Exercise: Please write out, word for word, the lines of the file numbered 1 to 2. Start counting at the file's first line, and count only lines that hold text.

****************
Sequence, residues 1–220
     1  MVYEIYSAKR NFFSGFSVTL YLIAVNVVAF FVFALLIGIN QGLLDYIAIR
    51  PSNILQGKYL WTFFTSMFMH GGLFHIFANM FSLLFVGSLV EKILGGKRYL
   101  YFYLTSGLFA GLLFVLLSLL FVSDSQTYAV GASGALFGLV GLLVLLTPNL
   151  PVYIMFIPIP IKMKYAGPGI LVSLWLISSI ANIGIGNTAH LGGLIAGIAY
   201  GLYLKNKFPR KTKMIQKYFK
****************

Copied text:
Sequence, residues 1–220
     1  MVYEIYSAKR NFFSGFSVTL YLIAVNVVAF FVFALLIGIN QGLLDYIAIR